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A near UV photon of 300 nm is absorbed by a gas and re-emitted as two photons. One photon is red light with wavelength 760 nm, then the wavelength of the second photon is:A. 1060nmB. 496nmC. 300nmD. 215nm

Last updated date: 13th Jun 2024
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Hint: Think about the law of conservation of energy along with the equation for the De Broglie wavelength. Modify these equations to arrive at the correct answer.

Formula used:

Due to the law of conservation of energy, we know that the energy of the photon absorbed and the energies of the photons emitted is going to be the same. We will modify the equation for the De Broglie wavelength to suit our needs and use it along with the law of conservation of energies.
Let us first assume that,
$E$ = energy of absorbed photon
${{E}_{1}}$ = energy of first emitted photon
${{E}_{2}}$ = energy of second emitted photon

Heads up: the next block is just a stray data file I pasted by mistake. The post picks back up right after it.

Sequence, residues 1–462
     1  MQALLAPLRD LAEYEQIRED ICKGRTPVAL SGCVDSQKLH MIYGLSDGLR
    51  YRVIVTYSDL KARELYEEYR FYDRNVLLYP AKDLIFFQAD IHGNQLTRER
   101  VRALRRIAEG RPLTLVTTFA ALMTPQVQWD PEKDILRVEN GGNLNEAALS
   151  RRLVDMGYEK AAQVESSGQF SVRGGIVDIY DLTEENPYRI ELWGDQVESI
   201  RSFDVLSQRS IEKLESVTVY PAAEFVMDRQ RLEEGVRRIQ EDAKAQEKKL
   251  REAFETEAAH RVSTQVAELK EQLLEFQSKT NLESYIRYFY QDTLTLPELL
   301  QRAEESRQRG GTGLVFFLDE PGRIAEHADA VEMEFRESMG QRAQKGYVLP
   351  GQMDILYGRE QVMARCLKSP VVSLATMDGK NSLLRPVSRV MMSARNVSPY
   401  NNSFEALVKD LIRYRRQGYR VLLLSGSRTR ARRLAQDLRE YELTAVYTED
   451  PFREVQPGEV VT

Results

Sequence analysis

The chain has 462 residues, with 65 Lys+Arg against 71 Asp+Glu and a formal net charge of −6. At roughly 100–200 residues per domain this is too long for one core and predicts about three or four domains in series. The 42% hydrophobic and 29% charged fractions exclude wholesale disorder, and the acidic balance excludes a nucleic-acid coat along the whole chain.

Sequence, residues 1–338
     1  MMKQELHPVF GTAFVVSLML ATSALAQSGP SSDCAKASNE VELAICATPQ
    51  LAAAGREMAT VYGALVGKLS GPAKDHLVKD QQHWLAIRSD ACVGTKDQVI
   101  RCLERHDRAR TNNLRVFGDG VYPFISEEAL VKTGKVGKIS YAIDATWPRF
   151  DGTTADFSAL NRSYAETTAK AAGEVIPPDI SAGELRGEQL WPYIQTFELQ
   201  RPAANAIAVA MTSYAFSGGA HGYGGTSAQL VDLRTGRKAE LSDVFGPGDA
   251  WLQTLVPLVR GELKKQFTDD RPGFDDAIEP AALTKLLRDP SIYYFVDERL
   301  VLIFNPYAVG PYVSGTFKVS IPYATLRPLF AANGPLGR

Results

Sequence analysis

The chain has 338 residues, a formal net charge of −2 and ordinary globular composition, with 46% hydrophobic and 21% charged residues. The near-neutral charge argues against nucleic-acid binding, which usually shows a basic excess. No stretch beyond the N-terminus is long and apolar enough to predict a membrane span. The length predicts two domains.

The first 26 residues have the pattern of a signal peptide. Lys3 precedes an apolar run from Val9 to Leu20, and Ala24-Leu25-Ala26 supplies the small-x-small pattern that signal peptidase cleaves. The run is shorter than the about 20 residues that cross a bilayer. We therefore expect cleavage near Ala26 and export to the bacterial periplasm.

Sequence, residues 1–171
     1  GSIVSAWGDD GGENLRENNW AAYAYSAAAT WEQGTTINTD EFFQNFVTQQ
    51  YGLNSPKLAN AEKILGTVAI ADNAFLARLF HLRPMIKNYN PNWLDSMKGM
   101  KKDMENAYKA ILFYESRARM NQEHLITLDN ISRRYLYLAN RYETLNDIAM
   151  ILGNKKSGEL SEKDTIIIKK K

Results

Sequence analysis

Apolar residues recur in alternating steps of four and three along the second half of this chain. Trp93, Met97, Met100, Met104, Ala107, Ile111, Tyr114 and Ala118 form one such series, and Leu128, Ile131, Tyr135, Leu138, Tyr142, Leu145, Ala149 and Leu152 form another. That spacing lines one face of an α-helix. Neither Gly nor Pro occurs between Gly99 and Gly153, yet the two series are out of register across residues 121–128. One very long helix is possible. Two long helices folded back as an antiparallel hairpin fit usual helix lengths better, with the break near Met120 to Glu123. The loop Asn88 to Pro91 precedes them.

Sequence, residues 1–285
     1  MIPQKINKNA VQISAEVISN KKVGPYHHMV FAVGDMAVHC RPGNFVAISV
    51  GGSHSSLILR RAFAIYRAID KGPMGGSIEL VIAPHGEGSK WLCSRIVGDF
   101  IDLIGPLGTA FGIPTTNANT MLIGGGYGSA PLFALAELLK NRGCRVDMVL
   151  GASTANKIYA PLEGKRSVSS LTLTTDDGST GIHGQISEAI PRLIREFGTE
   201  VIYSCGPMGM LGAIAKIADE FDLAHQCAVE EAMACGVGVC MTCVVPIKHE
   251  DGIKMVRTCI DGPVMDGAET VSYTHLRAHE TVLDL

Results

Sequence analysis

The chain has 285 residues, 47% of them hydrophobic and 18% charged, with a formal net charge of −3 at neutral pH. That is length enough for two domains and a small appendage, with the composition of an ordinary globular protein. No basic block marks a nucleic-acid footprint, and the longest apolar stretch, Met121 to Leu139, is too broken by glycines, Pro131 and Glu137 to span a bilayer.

$\lambda$ = wavelength of absorbed photon
${{\lambda }_{1}}$ = wavelength of first emitted photon
${{\lambda }_{2}}$ = wavelength of second emitted photon
We know from the law of conservation of energies that:
$E={{E}_{1}}+{{E}_{2}}$
The De Broglie’s equation for wavelength states that:
$\lambda =\frac{h}{mv}$
Where, $m$ is the mass of the photon and $v$ is its velocity, which is equal to the speed of light $c$.
We know that, for a photon,
$E=m{{c}^{2}}$
Thus, modifying this equation,
$mc\text{ or }mv=\frac{E}{c}$
Putting this value in De Broglie’s equation we get
$E=\frac{hc}{\lambda }$
Now, substituting this value of $E$ in the law of conservation of energy, we get:
$\frac{hc}{\lambda }=\frac{hc}{{{\lambda }_{1}}}+\frac{hc}{{{\lambda }_{2}}}$
We know the values, $\lambda =300nm$ and ${{\lambda }_{1}}=760nm$. Solving for ${{\lambda }_{2}}$:
$\frac{1}{300} = \frac{1}{760} + \frac{1}{{{\lambda }_{2}}}$
$\frac{1}{{{\lambda }_{2}}} = \frac{1}{300} - \frac{1}{760}$
$\frac{1}{{{\lambda }_{2}}} = \frac{46}{22800}$
${{\lambda }_{2}} = 495.6nm$
Hence, comparing the answers with the given options, the correct answer is ‘(B) 496nm’.

Note: While modifying the De Broglie’s equation do not get confused amongst the values of $v$ and $c$. The former refers to the velocity of any particle, but since we are talking about photons here, velocity of the particle will always be equal to the velocity of light.